– Argentina, Mexico and Brazil represent their region at what could be a momentous summit
– Calling for accountability from the developed world
– Preparing the way for a new world order
– Mexico’s Calderón calls for developing world to assume responsibilities
The debilitating ramifications of the crisis are not geographically localized, and therefore, any solution requires a global response that includes not only the most developed nations, but also the emerging market economies of the world. In this respect, Latin America is an integral part of the equation. At today’s opening, Brazil, Argentina, and Mexico will represent the region’s interests, as President Obama initiates his study of Latin American realities. Although not dubbed as such, the area nations could play a pivotal role in London and the gathering could be looked back upon as an economic summit dominated by the developing world, with Latin America being an important constituent.
As a result of its precarious financial situation as well as its fractious political atmosphere, Argentina’s influence at the summit will be limited in comparison to Brazil and Mexico. Buenos Aires’ immediate concern is that it is strapped for cash and unable to tap traditional lines of credit following the dreadful economic crisis of 2001 and its subsequent debt default. Consequently, Argentina is more apt to continue petitioning for greater flexibility on the terms of loans granted by the IMF to recipient countries. Furthermore, Argentine President Cristina Fernández de Kirchner recently met with Brazilian President Luiz Inácio Lula da Silva to coordinate their positions. In conjunction with Brazil, Argentina is likely to denounce protectionist measures and greater restrictions on trade with developed countries. However, given the country’s lackluster track record in recent years — Argentina has twice raised tariffs on imported goods from neighboring countries in the past six months — it is unlikely that such recommendations will gain much traction coming from Fernández alone. It was thus a wise decision to collaborate with Brazil prior to the summit.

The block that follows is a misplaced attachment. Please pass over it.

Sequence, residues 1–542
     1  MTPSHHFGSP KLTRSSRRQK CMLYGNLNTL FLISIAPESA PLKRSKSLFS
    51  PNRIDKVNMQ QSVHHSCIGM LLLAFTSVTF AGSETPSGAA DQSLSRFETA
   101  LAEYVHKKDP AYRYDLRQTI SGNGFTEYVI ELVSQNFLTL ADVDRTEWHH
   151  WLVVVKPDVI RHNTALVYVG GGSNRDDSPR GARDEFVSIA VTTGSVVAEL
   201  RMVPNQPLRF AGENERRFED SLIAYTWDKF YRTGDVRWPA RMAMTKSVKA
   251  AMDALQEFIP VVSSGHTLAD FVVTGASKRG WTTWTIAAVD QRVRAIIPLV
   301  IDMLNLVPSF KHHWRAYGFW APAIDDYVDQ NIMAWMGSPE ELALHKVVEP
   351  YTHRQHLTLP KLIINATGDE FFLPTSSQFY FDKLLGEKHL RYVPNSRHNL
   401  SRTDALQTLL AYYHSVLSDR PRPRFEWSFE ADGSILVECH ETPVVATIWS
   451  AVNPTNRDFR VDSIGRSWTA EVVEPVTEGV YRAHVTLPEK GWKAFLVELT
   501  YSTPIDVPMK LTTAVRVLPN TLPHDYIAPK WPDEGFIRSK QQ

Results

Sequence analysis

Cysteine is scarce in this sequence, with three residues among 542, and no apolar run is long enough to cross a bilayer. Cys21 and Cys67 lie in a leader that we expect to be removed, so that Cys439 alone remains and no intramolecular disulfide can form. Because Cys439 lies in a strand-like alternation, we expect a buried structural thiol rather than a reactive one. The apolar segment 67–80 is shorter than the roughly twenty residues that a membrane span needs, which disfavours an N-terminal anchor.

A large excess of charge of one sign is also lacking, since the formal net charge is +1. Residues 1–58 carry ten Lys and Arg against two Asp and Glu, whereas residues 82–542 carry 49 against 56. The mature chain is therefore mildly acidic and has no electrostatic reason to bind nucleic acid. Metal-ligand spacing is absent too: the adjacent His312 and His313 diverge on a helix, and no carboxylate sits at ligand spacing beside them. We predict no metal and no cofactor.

The G20 summit is yet another opportunity for President Lula to enhance his country’s position as an up-and-coming global leader. Julia Sweig, a highly regarded political analyst at the Council on Foreign Relations, captured the great irony of how the economic crisis relates to the circumstances in Brazil, when she noted, “the crisis paradoxically, while hurting [the country] domestically, may well enhance Brazil’s standing as a leader in and voice for the emerging world.” This, in fact, is precisely Lula’s intention as he heads to London. Over the course of his presidency, he has vociferously argued for his country, as well as other developing nations to have a more equitable role in multilateral international organizations. Lula will assuredly continue to press for greater voting rights in the IMF and join his Latin American counterparts in calling for the recapitalization of the fund.
Furthermore, the Brazilian president will join Mexican President Felipe Calderón in pushing for increased trade financing and export credits to bolster the precipitously declining figures for world trade. Lula has advocated that the world’s largest economies, including Brazil, should contribute up to $100 billion to boost global trade through financing and export credits that has all but evaporated over the past year, especially for less credit worthy borrowers from Latin America and the Caribbean. Averting protectionist measures from developed countries will also be a major concern for Brazil. In an interview with CNN over last weekend, Lula dubbed anti-trade measures a “drug” threatening to poison the system and strangle any hope of an economic recovery in the near future.